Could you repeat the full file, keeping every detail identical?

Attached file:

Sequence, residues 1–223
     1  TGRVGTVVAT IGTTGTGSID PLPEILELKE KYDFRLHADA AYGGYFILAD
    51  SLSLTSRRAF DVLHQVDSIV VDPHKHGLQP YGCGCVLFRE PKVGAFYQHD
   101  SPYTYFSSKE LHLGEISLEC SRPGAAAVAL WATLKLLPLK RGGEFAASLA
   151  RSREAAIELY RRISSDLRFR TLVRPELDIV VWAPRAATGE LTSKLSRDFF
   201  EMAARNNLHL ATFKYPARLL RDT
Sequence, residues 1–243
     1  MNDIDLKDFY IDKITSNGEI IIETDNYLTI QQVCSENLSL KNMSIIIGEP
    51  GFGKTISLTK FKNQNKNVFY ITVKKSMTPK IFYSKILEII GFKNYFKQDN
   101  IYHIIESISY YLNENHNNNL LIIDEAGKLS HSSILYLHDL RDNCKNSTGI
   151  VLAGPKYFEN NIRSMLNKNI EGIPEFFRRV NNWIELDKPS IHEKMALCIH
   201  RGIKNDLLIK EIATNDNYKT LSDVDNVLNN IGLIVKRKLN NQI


Sequence, residues 1–223
     1  TGRVGTVVAT IGTTGTGSID PLPEILELKE KYDFRLHADA AYGGYFILAD
    51  SLSLTSRRAF DVLHQVDSIV VDPHKHGLQP YGCGCVLFRE PKVGAFYQHD
   101  SPYTYFSSKE LHLGEISLEC SRPGAAAVAL WATLKLLPLK RGGEFAASLA
   151  RSREAAIELY RRISSDLRFR TLVRPELDIV VWAPRAATGE LTSKLSRDFF
   201  EMAARNNLHL ATFKYPARLL RDT
Sequence, residues 1–243
     1  MNDIDLKDFY IDKITSNGEI IIETDNYLTI QQVCSENLSL KNMSIIIGEP
    51  GFGKTISLTK FKNQNKNVFY ITVKKSMTPK IFYSKILEII GFKNYFKQDN
   101  IYHIIESISY YLNENHNNNL LIIDEAGKLS HSSILYLHDL RDNCKNSTGI
   151  VLAGPKYFEN NIRSMLNKNI EGIPEFFRRV NNWIELDKPS IHEKMALCIH
   201  RGIKNDLLIK EIATNDNYKT LSDVDNVLNN IGLIVKRKLN NQI